Ten Suggestions for Lent

Lent, a historic part of the Christian calendar, is a season of “letting go” (fasting) and seeking God in humble submission. It is a time for repentance, confession, prayer, abstinence, and sharing our resources with others. It is not a time to simply give up something for the sake of abstinence (e.g., giving up coffee), but to give up something for the sake of replacing it with time with God. Lent is not merely about abstinence but also about replacing that which you are giving up with something positive. The purpose of Lent is not self-improvement but seeking a deeper relationship with God and loving our neighbors.

Lent begins on Ash Wednesday (February 17) and lasts 44 days, which includes 40 days of fasting (giving up something in order to devote time and energies to God) and four Sundays. On Sundays believers enjoy what they have given up in order to celebrate the joy of the resurrection (so if you have given up coffee, you may enjoy it every Sunday throughout Lent!).

Below are ten suggestions from which you might choose in order to practice Lent during this season.

  1. Give up Starbucks Coffee or caffeine (including Cokes, Pepsis, etc.) and save the money you would have spent in order to give to some charity.
  2. Make a commitment that when you feel the urge to surf the internet, you will replace that with fifteen to thirty minutes of prayer, meditation, reading Scripture, or reading godly material. Instead of surfing, perhaps meditate on Chris Altrock’s 40 days of Lent through praying the prayers of Jesus.
  3. Commit to giving up some sleep by rising fifteen minutes (or more) earlier or going to bed fifteen minutes (or more) later to spend time in prayer, meditation, reading Scripture, or reading godly material. You could read the morning or evening Divine Hours or download them free on I-Tunes.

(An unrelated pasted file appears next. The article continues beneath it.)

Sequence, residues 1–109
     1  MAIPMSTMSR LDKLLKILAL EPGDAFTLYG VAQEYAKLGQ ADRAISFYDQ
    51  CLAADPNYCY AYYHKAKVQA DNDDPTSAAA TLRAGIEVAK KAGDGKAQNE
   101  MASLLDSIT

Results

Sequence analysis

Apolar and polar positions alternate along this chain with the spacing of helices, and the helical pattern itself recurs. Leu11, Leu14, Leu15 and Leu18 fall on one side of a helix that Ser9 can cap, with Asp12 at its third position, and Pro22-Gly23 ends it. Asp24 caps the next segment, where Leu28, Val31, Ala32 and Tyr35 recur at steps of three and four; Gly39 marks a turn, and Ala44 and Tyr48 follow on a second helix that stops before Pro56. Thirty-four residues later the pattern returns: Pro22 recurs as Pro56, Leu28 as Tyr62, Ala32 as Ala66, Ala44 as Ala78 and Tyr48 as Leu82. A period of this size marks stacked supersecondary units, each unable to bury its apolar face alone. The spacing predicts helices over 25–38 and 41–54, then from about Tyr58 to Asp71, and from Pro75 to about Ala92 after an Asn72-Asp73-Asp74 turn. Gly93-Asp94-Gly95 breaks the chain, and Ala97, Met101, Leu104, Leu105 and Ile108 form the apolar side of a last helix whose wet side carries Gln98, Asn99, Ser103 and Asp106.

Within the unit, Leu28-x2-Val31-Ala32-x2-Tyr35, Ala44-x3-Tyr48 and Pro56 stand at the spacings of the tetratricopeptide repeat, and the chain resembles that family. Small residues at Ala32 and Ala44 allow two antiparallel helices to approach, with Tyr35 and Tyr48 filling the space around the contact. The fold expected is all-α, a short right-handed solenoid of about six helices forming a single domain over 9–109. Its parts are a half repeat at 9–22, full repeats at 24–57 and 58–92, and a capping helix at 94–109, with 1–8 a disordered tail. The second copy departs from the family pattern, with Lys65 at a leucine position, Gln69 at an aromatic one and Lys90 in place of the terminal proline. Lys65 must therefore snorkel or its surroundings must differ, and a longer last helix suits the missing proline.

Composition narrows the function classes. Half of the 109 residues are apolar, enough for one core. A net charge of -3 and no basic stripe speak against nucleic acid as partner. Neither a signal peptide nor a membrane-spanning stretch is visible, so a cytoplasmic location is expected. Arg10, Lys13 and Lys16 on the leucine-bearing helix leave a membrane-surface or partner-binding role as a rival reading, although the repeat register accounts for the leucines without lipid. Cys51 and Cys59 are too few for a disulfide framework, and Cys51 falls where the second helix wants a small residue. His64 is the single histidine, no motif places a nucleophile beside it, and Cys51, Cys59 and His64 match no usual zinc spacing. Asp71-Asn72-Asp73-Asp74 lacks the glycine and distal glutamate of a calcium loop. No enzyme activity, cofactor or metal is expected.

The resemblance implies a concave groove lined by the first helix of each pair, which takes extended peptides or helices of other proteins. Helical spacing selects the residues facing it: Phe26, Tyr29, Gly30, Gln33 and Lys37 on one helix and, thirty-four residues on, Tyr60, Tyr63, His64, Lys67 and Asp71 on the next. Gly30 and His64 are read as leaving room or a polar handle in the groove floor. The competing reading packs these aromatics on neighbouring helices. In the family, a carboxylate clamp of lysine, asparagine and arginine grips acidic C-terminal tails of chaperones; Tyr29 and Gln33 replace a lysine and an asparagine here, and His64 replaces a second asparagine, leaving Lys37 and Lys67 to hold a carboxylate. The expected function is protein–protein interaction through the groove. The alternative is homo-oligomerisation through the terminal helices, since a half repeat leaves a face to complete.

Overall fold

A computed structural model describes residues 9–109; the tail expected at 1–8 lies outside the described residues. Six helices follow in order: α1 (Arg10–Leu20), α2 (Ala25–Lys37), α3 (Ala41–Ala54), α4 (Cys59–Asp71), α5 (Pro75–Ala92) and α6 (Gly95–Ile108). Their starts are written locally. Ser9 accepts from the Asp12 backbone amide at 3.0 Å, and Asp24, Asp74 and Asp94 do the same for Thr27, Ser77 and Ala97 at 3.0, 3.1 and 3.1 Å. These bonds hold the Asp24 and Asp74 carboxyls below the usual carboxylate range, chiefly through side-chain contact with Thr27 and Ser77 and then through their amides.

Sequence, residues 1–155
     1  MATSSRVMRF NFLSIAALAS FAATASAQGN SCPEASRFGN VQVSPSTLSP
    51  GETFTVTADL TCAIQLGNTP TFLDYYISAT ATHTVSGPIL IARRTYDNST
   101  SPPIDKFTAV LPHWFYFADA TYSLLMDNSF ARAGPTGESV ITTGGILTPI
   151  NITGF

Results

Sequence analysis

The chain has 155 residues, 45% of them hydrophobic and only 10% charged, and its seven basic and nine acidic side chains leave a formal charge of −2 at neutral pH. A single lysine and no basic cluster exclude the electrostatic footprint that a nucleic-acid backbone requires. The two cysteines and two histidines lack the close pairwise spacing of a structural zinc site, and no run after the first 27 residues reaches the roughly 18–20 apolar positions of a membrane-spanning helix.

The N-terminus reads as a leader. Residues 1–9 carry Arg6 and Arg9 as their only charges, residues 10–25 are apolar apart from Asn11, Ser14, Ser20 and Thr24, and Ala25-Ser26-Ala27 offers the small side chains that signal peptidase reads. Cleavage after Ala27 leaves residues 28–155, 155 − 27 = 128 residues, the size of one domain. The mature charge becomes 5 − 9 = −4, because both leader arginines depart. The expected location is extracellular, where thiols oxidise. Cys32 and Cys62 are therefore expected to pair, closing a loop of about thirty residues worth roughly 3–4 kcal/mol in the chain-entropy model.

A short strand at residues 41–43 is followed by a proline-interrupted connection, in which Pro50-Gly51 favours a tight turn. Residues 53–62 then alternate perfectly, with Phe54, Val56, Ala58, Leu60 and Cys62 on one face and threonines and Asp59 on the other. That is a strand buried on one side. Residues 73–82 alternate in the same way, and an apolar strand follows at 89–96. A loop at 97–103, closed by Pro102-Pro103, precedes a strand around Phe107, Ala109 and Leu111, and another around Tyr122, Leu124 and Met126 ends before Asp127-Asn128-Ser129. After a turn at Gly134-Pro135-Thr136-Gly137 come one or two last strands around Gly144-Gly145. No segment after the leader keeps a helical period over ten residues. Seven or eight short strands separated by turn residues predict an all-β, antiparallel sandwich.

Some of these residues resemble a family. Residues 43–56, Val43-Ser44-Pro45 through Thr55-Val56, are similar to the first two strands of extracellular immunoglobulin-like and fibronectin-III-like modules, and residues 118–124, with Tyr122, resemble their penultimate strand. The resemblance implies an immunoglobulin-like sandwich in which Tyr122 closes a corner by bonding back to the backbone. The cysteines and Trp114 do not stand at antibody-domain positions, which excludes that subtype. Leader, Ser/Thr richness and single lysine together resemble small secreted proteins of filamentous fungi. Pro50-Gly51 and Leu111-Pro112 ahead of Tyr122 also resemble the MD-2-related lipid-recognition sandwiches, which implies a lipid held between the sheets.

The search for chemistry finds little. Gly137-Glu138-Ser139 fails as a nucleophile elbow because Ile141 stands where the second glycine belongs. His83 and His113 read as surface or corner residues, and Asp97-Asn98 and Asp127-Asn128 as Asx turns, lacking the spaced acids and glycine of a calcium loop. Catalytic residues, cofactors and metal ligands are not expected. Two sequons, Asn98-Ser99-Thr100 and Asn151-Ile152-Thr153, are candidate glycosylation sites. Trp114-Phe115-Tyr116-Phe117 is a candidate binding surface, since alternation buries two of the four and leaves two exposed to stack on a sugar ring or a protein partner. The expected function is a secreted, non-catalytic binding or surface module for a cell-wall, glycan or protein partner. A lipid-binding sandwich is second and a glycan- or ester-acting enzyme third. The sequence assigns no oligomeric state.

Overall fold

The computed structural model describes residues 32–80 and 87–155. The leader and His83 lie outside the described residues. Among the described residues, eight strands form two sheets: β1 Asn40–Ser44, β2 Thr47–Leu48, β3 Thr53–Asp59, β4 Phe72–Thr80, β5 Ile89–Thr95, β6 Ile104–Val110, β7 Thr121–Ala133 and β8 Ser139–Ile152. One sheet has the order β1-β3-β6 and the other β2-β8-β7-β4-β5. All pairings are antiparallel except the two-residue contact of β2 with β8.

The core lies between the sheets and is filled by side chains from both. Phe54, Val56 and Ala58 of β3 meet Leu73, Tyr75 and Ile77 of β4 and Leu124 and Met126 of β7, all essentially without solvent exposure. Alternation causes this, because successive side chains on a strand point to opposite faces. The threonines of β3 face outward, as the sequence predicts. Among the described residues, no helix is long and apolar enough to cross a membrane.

4. Give up television altogether or for a specified time each day (e.g., 8:00-9:00pm) and devote that time to a devotional plan of some sort (e.g., reading Scripture according to the plans Dean Barham has offered). Or, sit silently and listen to music for an hour that takes you into the presence of God for meditation and reflection.
  5. Instead of eating out for lunch each day, bag your own lunch; as you prepare your lunch, recite a prayer from memory (e.g., the Lord’s Prayer) and devote the money saved to charity.
  6. If your family was planning a major purchase or if your family regularly spends money on unnecessary daily desires (e.g., eating out, renting movies, etc.), delay doing so until after Lent and use the money you would have spent to save for a charitable donation.
  7. Every day of Lent write a letter or note to a significant person in your life in order to thank them for their presence in your life, or every day during Lent write a note to a person who needs encouragement or blessing, or every day write a letter of amends to people with whom you have had difficulty. This gives up time you would have spent doing something else and replaces it with loving ministry.
  8. For the forty days of Lent, give up time doing something you might normally do to devote to journaling: confess sin, reflect on where God was present in your day, and write a prayer to God.
  9. During the forty days of Lent, journey through the story of Jesus with your children by spending fifteen minutes a day reading the Gospel of Luke together or watching a clip from a movie like “Jesus of Nazareth” in order to talk about what you read or saw.
  10. Take thirty minutes each day to inventory your house: clean the closets, sort through your clothes, etc. Give to others (e.g., Goodwill) what you have not used in the last year.

And, of course, there are many more possibilities.  Do you have any suggestions?

9 Responses to “Ten Suggestions for Lent”

  1.   John Says:

    Give up my own opinions to seek peace with other Christians.

    Give up my own hurts to encourage a hurting other.

    Give up conversation about economics and politics and talk about how good God has been to me.

    Be quiet and listen.

    Give up anger and forgive someone who has wronged me, like that other driver on the way home.